Environment and Gender Factors Play Bigger Role On Multiple Scleroris

Gender seems to have a big factor in people developing multiple sclerosis, with the disease now predominant among women. It seems that women in general may develop the disease on a ratio of 3.2 to 1 compared to men.

With genetic factors already having been ruled out as a probable cause of the autoimmune disease, more researchers and scientists are closely looking into environmental factors which may have a role in increasing the risk of MS in women.

A medical scientific conference on the association of multiple sclerosis and gender recently took off which was organized by the European Charcot Foundation.

The said medical conference brought together almost 400 scientists and experts on multiple sclerosis from around the world to discuss and share different scientific views concerning the shift of the gender ratio concerning the disease.

Multiple sclerosis is a degenerative disease that affects the central nervous system that can lead to severe disability in due time.

The medical conference aims to raise the attention towards gender related issues especially when it comes to treating multiple sclerosis. More and more scientists believe that individualized MS treatments especially among men and women, will lead to better results in the future.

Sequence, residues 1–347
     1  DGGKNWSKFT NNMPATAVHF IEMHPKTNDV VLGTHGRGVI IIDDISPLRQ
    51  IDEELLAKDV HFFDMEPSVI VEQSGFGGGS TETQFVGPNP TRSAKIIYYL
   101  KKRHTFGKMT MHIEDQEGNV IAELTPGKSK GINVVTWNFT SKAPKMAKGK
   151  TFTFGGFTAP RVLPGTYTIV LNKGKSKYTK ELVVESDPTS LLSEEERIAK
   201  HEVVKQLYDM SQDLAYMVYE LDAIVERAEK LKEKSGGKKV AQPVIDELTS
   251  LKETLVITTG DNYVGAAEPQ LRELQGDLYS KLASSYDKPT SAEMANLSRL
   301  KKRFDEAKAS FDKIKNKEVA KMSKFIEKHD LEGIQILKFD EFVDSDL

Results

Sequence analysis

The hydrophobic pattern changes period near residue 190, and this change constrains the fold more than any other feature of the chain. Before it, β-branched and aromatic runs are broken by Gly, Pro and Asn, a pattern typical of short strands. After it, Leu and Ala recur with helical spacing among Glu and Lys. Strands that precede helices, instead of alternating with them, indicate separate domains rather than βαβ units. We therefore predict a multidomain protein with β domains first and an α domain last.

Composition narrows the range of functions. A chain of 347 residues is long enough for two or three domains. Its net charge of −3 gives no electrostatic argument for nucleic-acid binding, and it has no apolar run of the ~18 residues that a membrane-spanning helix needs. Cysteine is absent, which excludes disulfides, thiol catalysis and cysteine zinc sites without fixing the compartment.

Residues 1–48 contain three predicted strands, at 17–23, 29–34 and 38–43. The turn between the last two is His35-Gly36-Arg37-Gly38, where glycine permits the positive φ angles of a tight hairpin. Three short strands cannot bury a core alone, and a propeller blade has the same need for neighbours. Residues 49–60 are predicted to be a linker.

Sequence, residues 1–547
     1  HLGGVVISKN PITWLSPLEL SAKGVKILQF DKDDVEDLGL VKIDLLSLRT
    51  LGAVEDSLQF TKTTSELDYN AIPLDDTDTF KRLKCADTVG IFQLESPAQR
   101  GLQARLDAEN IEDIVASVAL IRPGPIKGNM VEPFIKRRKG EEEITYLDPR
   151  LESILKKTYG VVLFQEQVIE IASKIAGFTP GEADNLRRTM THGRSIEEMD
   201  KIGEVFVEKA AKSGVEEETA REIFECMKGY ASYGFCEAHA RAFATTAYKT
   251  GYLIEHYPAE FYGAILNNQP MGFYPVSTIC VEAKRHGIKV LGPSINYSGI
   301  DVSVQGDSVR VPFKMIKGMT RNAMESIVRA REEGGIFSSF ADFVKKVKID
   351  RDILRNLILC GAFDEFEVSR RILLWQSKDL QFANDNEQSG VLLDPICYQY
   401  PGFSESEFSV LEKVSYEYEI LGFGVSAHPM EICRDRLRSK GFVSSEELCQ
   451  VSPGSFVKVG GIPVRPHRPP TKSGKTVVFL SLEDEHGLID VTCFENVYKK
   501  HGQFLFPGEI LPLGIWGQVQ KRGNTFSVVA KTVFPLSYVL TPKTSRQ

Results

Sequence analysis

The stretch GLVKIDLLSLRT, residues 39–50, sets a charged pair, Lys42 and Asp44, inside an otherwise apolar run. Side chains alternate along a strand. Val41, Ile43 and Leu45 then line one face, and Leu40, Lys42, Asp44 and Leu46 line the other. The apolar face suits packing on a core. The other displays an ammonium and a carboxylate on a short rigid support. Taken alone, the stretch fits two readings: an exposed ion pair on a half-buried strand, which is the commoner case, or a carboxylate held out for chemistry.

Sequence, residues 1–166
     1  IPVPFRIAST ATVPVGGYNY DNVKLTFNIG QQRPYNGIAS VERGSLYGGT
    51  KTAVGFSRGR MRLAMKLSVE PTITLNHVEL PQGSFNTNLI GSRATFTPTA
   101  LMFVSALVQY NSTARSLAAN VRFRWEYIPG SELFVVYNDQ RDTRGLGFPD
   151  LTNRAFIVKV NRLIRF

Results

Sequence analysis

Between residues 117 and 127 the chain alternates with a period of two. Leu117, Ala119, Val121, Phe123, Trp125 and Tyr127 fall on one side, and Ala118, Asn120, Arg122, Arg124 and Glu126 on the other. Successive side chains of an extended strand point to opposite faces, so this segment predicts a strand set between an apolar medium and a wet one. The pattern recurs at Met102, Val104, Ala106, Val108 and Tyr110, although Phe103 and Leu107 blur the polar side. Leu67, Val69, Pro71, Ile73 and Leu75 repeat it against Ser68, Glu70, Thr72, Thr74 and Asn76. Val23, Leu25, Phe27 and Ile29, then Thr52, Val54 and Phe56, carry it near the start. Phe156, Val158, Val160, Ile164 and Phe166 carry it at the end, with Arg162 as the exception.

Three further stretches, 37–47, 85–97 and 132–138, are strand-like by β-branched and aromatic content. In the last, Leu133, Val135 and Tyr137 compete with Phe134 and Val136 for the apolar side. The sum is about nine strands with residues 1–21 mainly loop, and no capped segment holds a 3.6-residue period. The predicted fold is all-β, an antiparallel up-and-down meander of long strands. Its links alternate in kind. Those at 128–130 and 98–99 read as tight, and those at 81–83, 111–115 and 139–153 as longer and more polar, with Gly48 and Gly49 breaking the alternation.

According to Prof. O.R. Hommes, chairman of the European Charcot Foundation, "This conference has raised the simple question whether females with MS should be treated differently than males".

A look at how environmental factors can increase the risk of MS in women is also being discussed especially smoking, viral infections, hygiene changes, vitamin D deficiency and a host of other factors. One of the unique case in point that researchers try to look into is the effect of pregnancy on the progression of MS.

Studies have shown that the disease practically disappears during the last trimester of the pregnancy. This approach to studying multiple sclerosis in the future, with gender differences in mind, will eventually provide answers in the future as clinical trials are already underway until the end of 2009.

Source: http://www.medicalnewstoday.com/articles/129672.php

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